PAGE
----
3. Gluttony? This is the most likely circle 'Inferno' belongs to. I think D@mned Dan Brown's major issue is his self-indulgence. DDB's style is inflated, but doesn't actually inform. His metaphors are swollen. His descriptions are possessed of a majority gristle with very little actual literary meat. Half of the book reminds me of some obscure teenager's fan fiction site cribbing a Lonely Planet Publication's guide to write about Florence, Venice, and Istanbul.
4. Greed? It is obvious why D@mned Dan Brown writes this way... because we (myself included) still buy it. It reminds me of why I hate it when directors in Hollywood become successful. They stop being interesting and instead become hacks. The reading public, much like the movie going public, demands mediocrity if the writer/director is going to be successful. Real art is not usually bought, real literature is most often ignored (I know that is a cliche, but it IS true). The amazing thing is that DDB started (in the beginning) as a hack and has just perfected hackery to a point where he will certainly be able to print money in 20 years by just publishing an Italian phone book.
5. Anger? No, not really. It is more like regret. If I am angry (Notice how I shifted from the circles being about DDB to the circles being about me? If you aren't comfortable with those kind of style abortions/grammar shifts, you should probably not read D@mned Dan Brown) it is an anger of what now passes as novel entertainment.
6. Heresy? No, D@mned Dan Brown definitely doesn't belong here. This is certainly a circle the Catholic church would have like to place him for The Da Vinci Code but 'Inferno' is mainly heretical to scholars of Dante, lonely Transhumanists, and perhaps the odd weekend, Malthusian alarmist.
7. Violence? Again, because D@mned Dan Brown is aiming for the center-mass of the pulp, paperback purchasing world, he isn't going to make his novel THAT graphic (plus DDB doesn't have the Cormac McCarthy writing chops to paste together a single sentence that would actually scare the beJesus out of anyone). He made 'Inferno' grim in parts, he made it painful to read cover-to-cover, but violent? Meh.
8. Fraud? 'Inferno' is simple and obvious rip-off of every dystopian SF novel about eugenics + a whole shelf of discount guide books + cheap James Bond knockoffs + a little bit of the 'Girl with the Dragon Tattoo'. But, since all writing is a crib, a rip-off, I can't really condemn D@mned Dan Brown to Hell, at least to this circle for doing what everyone does, but he just does poorly. If DDB is condemned to the 8th circle it will be more for The Da Vinci Code, which I believe is a boring, watered-down and mediocre version of Foucault's Pendulum.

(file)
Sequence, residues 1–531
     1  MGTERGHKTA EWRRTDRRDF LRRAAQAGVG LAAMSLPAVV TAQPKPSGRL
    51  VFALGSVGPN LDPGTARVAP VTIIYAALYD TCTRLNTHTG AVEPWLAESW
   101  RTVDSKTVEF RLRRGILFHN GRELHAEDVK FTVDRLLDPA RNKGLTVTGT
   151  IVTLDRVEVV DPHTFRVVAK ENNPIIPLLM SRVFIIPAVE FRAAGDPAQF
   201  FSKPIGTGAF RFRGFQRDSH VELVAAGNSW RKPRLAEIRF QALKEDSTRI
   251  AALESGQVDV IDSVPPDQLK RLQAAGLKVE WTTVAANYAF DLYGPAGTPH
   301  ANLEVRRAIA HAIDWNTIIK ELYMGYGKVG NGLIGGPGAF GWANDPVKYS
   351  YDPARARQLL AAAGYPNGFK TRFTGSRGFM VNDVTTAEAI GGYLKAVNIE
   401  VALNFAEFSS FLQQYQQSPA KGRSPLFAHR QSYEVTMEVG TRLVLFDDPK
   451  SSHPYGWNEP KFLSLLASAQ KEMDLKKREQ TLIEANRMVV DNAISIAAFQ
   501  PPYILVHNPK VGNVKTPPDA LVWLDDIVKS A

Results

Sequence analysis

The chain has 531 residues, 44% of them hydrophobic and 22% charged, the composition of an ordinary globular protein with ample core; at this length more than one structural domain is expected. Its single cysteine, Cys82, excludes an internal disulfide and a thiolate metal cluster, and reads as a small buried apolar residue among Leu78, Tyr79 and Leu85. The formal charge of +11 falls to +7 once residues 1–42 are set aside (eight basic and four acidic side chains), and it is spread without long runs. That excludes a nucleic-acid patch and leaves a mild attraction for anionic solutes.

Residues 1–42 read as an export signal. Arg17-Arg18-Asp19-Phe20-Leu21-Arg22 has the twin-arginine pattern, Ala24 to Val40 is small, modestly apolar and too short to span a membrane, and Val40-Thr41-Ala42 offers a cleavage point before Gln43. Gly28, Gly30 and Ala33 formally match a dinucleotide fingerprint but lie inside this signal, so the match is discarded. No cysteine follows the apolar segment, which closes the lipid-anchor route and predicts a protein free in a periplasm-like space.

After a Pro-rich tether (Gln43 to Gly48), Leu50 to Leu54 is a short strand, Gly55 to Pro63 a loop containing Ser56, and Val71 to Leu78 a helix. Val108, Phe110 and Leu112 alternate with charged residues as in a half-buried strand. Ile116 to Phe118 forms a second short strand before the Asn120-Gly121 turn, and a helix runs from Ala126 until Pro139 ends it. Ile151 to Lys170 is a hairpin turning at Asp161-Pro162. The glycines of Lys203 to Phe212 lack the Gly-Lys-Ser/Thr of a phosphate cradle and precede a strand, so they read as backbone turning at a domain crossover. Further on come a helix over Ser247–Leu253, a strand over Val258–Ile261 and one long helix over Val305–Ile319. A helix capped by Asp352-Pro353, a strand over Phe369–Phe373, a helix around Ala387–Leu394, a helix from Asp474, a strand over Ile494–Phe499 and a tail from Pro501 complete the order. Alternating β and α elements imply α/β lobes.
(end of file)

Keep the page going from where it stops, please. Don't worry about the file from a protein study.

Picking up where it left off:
9. Treachery? The further down into Hell you go, the more you realize it actually takes a lot of work to earn a place at these lower levels. That alone would discount D@mned Dan Brown. It would also probably discount my review, since I just couldn't bring myself to spend an inordinate amount of time reviewing a book I wasn't all that impressed by.
If DB's first two novels seemed similar, but had an engaging variation in their background research, this one manages to copy the formula, without enough historic research to compensate for the terrible re-use of plot.
Does a main character, whisked away to help solve a potentially world-rocking crisis, paired with a single, attractive, unavailable, and surprisingly key player in the drama, with lots of running from historic location to historic location sound familiar?
The core story of this third iteration has enough content to fill a very short novella. The number of times the same information is repeated by different characters to stretch the story, or the poorly built suspense that is limply carried long after the surprise is obvious, makes for tedious listening, despite the skilled reader.
If you're a one trick pony, phoning it in seems doubly unfair to the audience.
I focus on fiction, sci-fi, fantasy, science, history, politics and read a lot. I try to review everything I read.
I liked this more than Angles and Demons but less than The Da Vinci Code. This has some familiar patterns but his is no more formulaic than most mystery writers and is more stimulating than most. There are some pretty far fetched story elements which I found weakened this story. The characters are all pretty enjoyable, but there was less deep development than The Da Vinci Code. I enjoyed the art and literary history and the story was fast moving and exciting with some unexpected twists. This is not a great book, but it was definitely worth the time. The narration was excellent.
there are more "ah ha" moments in this book than chapters, and it gets to be annoying and predictable. The end is just the beginning of something new, with pretty much no resolution. can't believe I expected something different from Dan Brown than another 48 hr story where you're lead to believe a catastrophe is going to happen only to end up being nothing.
This is another DaVinci Code - a completely believable, history infused, unpredictable, exciting story of Robert Langdon saving the world.